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Non-invasive optical system reveals early oral cancer signs

23 Jan 2014

Diffuse reflectance imaging validated for painless detection of oral tumors and other cancer types.

A team of Indian cancer researchers led by Dr Narayanan Subhash of the Centre for Earth Science Studies, Kerala, India, has developed a simple, non-invasive spectral imaging system that could enable rapid, inexpensive mass screening for oral cancers in dental and clinical settings.

Even in the hands of non-clinical staff, the system is capable of real-time discrimination of healthy oral tissue from pre-malignant and malignant tissues with accuracy comparable to the “gold standard” histopathology of a biopsy sample. The core of the novel Diffuse Reflectance Imaging System (DRIS) is an Andor Luca-R EMCCD camera, which captures monochrome images of the patient’s mouth at 545 and 575nm.

Andor’s SOLIS software then computes a ratio image of the area under investigation, based on the images captured at the two wavelengths, and generates a pseudo colour map (PCM), in which blue designates healthy tissue, red denotes dysplastic/pre-malignant tissue, and yellow identifies malignant tissue. This allows rapid visual differentiation of oral lesions and identification of regions with pre-malignant characteristics.

Non-invasive

Dr Subhash commented, "Since mortality from oral cancer is particularly high, early detection, diagnosis and treatment is vital in increasing the survival rate of those with the disease. Our imaging method has the great advantage of non-invasively scanning entire lesions and their surrounding areas and automatically categorizing these oral lesions into normal, pre-malignant, and malignant tissue in real-time.

"It also delineates the boundaries of neoplastic changes and locates sites with the most malignant potential for biopsy, thereby avoiding unnecessary repeated biopsies and delay in diagnosis. What’s more, imaging the entire region may also help the surgeons to identify the margins of the lesion that cannot be easily visualized by the naked eye during surgical interventions."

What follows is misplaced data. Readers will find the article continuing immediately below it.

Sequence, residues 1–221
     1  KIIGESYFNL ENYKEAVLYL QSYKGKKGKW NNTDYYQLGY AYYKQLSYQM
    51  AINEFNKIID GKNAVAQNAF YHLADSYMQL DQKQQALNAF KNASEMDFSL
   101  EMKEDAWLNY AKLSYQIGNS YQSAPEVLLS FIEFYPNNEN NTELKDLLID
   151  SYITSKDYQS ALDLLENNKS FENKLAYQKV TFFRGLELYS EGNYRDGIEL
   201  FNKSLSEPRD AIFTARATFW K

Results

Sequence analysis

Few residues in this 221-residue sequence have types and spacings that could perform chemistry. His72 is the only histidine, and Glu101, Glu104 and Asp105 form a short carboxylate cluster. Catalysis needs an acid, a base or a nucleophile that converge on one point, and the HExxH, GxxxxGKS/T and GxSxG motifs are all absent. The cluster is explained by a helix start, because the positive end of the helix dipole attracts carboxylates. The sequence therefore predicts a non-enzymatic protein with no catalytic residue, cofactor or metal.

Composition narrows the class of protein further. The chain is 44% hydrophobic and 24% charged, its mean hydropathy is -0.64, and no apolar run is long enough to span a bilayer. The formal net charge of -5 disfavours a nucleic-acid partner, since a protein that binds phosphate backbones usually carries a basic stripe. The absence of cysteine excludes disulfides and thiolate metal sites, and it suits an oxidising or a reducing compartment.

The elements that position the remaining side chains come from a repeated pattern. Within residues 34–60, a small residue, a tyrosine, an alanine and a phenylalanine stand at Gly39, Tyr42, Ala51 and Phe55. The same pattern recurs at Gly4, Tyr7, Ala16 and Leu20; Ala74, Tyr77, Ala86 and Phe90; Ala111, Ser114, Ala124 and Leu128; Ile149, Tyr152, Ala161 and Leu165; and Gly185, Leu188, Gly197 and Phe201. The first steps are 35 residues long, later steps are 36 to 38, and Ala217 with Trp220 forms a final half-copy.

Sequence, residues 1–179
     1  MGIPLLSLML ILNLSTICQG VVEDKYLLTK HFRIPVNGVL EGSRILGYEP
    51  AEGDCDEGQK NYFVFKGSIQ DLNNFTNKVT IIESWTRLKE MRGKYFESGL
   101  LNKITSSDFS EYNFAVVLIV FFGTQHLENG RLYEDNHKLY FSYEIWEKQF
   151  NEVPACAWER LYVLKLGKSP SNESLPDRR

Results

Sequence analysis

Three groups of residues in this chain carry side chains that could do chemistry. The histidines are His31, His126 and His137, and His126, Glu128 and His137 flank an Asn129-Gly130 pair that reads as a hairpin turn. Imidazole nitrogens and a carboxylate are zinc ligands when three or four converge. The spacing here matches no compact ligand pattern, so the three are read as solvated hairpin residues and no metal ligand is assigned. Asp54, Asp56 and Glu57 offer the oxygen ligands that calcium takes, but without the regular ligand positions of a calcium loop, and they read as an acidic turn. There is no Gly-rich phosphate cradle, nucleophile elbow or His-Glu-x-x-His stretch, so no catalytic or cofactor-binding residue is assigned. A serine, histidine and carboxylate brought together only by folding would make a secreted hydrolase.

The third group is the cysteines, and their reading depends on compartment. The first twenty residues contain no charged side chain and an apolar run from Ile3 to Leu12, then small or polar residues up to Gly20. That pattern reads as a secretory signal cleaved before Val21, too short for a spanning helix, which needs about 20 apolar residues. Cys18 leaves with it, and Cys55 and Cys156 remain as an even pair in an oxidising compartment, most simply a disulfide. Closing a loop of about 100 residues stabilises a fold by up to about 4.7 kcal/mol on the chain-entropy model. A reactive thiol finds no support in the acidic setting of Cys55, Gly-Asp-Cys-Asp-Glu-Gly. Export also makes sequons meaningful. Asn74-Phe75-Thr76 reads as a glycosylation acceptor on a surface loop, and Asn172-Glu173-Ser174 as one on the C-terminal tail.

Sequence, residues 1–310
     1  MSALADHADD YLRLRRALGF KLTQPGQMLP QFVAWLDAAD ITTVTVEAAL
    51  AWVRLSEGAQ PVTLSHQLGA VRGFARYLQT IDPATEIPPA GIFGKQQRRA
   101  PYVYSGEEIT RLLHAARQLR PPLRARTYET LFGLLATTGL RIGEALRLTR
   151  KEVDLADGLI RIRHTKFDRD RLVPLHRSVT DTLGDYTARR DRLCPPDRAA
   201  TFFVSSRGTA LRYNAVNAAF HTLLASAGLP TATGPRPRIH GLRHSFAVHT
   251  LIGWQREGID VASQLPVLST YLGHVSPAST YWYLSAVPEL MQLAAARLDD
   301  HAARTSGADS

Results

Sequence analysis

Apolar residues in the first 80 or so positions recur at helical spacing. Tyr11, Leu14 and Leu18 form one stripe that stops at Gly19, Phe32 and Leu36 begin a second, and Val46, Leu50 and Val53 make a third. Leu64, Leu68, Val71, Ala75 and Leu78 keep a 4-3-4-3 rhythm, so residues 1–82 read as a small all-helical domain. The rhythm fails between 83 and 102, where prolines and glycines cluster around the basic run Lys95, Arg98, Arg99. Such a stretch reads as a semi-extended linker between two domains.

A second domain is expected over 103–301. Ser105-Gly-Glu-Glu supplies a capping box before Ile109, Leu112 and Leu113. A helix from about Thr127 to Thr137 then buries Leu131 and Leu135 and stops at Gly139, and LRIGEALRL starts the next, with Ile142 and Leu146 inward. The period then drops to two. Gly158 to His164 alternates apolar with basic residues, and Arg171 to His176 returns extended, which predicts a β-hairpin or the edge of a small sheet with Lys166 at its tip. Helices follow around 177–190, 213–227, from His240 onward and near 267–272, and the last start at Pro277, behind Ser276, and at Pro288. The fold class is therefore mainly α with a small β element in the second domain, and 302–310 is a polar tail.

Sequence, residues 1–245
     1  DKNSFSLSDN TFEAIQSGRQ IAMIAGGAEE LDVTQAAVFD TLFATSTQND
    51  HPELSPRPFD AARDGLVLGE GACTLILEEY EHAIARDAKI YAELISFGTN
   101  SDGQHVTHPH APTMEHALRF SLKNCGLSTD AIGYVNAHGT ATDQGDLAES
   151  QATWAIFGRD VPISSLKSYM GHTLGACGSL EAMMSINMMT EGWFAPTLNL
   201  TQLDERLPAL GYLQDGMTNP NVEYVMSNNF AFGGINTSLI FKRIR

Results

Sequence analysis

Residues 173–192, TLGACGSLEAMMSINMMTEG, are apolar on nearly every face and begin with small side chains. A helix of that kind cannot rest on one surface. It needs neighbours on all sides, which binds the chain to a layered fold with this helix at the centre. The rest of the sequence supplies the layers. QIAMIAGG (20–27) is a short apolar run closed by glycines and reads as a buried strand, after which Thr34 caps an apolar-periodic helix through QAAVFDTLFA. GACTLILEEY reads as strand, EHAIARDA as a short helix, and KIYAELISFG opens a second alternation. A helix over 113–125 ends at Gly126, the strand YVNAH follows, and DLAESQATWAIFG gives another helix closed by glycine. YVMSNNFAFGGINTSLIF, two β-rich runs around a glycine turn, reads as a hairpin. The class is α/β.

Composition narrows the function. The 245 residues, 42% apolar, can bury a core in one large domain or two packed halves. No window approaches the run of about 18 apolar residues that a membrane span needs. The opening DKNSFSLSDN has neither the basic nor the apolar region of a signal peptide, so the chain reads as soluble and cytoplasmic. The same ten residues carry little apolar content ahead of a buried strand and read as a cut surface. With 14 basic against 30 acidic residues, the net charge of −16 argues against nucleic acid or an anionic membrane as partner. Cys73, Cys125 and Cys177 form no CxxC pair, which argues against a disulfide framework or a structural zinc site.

Orla Hanrahan, of Andor, commented, "The Luca-R EMCCD camera is designed around a monochrome, megapixel frame-transfer EMCCD sensor. This enables single photon sensitivity from a TE-cooled, USB 2.0 camera platform. This megapixel sensor has a pixel size of 8µm and operates at up to 12.4 frames per second."

Multi-cancer potential

Oral cancer is a significant and growing killer worldwide. Incidence rates for men and women in the UK have risen by almost 80% since the mid-1970s, with major risk factors cited as heavy alcohol consumption, smoking, infection with human papilloma virus (HPV) and the chewing of betel leaf in some Asian countries.

This last factor is much more significant in the Indian sub-continent and South-East Asia and the work of the team in India has proven diffuse reflectance imaging has the potential to be a valuable, non-invasive tool in the continuing fight against cancer.

Furthermore, the multi-spectral DR imaging technique has the potential to be used as an adjunct to colposcopy in the screening of cervical pre-cancers and in the identification the most malignant site for biopsy.

Andor at Photonics West

Andor will be exhibiting at Photonics West 2014 on booth 717. Its highlights will include: a live demo of the F/1.8 Andor Holospec spectrograph, which complements Andor’s ultra-sensitive CCD, EMCCD and ICCDs detectors for visible or NIR spectroscopy; and the new iDus 416 platform, which offers a combination of low dark noise and high QE, for NIR Raman and photoluminescence analysis.

About the Author

Matthew Peach is a contributing editor to optics.org.

Cobolt ABDiffraction InternationalScitec Instruments LtdDelta Optical Thin Film A/SEKSMA OPTICSRoithner Lasertechnik GmbHOmicron-Laserage Laserprodukte GmbH
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